Kashmir link to base of Sino-Indian forces stand-off

Flashpoint of Sino-Indian forces stand-off has unique Kashmir connection

Representative image (PTI)

Galwan river area, a flashpoint for the 1962 war and epicenter of prevailing standoff between Sino-India forces in the newly carved out Union Territory of Ladakh, has a unique connection with Kashmir.

Right now the Chinese troops are reportedly said to have moved in the Galwan valley which was also a flashpoint in the 1962 Sino-India war. According to a report, China has changed its claims over the valley thrice. It started with a small territory. Now, Beijing says that the entire Galwan valley belongs to China which the Global Times editorial also repeats.

According to historians, the area is named after Ghulam Rasool Galwan, whose ancestors ran away from Kashmir and settled in Ladakh. Galwan was the first person to explore the area in 1899 when he was part of an expedition team that was exploring the areas to the north of the Chang Chenmo Valley.

He died in 1925. In his autobiography “Servants of Sahibs”, Galwan traces his roots to Kashmir. In the book written in broken English, he writes that his great grandfather “Kala Galwan (Black Robber)” was a clever robber. “He climbed high walls like a cat. He never lived in a house,” he writes.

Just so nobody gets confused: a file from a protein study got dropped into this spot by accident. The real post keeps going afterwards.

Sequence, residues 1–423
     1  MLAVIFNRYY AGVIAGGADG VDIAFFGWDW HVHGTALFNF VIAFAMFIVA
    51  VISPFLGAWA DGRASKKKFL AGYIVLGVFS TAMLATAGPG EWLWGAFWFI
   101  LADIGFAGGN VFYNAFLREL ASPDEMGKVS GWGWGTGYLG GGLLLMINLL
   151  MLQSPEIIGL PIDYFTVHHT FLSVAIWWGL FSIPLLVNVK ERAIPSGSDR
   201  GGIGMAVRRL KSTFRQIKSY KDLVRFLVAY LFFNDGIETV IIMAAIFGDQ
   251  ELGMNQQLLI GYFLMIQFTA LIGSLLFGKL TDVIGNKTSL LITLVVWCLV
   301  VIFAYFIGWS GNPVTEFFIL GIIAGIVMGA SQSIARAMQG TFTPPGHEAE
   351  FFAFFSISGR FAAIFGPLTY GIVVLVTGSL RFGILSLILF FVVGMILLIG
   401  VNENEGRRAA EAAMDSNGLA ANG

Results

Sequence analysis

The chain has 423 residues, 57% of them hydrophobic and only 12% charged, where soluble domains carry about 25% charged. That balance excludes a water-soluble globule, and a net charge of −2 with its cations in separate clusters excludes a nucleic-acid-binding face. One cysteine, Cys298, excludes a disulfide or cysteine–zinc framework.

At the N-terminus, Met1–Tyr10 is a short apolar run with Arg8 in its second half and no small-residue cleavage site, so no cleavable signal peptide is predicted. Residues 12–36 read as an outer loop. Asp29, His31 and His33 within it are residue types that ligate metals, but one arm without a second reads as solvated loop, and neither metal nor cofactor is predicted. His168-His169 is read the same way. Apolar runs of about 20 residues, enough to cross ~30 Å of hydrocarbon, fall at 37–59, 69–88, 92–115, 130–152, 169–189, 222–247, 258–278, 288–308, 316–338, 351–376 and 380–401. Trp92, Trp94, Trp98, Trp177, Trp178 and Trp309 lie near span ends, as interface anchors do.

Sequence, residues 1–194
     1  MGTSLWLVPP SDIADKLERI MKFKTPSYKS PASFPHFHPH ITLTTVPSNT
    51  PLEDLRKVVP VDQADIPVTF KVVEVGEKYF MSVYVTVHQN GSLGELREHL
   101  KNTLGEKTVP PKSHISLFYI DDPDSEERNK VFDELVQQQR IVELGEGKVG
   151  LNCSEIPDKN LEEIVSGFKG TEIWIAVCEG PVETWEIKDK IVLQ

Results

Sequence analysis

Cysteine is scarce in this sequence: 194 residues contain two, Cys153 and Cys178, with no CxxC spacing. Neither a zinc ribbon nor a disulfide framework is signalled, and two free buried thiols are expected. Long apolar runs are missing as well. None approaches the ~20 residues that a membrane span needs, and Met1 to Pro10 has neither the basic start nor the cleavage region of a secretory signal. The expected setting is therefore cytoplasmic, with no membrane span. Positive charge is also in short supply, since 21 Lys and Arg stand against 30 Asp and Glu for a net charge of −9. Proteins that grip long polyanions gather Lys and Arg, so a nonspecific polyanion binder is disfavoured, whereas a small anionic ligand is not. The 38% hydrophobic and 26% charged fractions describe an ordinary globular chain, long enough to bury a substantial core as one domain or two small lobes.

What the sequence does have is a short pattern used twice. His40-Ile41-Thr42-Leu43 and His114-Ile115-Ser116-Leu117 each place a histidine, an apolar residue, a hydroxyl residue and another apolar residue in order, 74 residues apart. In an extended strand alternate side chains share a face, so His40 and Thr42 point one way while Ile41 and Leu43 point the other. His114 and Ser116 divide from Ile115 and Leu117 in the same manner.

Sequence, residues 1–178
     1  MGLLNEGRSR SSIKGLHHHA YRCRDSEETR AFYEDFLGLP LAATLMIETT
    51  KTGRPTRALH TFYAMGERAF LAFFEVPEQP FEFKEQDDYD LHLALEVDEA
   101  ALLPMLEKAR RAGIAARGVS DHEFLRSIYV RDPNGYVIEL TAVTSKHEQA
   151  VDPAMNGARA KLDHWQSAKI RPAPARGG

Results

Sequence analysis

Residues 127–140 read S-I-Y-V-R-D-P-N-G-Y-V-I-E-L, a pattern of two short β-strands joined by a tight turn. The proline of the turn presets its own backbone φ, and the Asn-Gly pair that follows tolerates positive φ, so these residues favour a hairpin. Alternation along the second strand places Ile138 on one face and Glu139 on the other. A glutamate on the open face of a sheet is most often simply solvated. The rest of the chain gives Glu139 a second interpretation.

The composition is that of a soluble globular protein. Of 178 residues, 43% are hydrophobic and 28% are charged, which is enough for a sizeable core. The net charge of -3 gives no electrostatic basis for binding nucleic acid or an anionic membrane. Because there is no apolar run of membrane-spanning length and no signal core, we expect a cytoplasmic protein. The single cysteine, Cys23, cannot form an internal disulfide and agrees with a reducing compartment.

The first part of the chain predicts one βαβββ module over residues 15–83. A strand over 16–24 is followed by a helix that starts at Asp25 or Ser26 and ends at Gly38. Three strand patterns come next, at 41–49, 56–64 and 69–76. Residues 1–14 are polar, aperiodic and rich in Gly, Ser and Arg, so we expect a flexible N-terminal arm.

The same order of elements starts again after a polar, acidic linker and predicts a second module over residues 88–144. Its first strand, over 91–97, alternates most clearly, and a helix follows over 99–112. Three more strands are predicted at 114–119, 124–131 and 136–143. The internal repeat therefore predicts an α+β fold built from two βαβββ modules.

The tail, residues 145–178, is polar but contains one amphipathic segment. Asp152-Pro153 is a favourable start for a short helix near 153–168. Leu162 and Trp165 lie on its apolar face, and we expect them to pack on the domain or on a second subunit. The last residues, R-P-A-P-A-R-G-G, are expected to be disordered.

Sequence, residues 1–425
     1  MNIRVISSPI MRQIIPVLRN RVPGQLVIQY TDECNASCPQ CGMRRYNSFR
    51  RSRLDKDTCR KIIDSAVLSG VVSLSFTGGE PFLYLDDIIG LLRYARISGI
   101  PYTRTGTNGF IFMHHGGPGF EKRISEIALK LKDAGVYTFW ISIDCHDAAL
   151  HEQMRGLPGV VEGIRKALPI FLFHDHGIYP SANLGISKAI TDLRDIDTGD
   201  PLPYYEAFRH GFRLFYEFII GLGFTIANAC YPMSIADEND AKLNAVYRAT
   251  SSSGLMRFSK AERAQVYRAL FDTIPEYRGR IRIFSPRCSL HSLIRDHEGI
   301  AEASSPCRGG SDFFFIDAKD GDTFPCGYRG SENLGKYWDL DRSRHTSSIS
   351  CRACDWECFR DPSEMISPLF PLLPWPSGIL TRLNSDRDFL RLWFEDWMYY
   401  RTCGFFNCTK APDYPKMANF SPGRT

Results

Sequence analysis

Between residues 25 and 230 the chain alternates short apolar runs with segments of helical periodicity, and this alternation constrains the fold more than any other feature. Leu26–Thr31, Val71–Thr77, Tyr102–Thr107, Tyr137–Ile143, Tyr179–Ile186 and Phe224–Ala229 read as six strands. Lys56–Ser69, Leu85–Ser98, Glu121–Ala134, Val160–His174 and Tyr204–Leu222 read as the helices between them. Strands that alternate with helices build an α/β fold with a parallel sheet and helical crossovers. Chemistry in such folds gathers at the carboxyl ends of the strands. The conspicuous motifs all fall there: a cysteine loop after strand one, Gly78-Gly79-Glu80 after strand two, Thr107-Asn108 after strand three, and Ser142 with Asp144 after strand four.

Comparing his great grandfather with Robinhood, Galwan claimed that his great grandfather robbed the rich and gave money to the poor and even then Maharaja of Kashmir was afraid of him. As per the book, Galwan says the Maharaja hatched a conspiracy with one of trusted friends of his great grandfather to catch him. 

Sir Francis Younghusband, a British Army officer and explorer, writes that Galwan behaved as a gentleman in every situation. “He came from the very poorest. He started as a simple village lad. But in every situation he behaved like a gentleman,” he writes.

In his book—“Into the Untravelled Himalaya: Travels, Treks, and Climbs” Harish Kapadia writes that Galwan was among the pony-men taken on by Lord Dunmore to the Pamirs in 1890.  In 1914, he states that Galwan was appointed as the caravan leader (a very prestigious post) of the big Italian scientific expedition of Filippo de Filippi, which explored the Rimo glacier systems and spent several months in the area.

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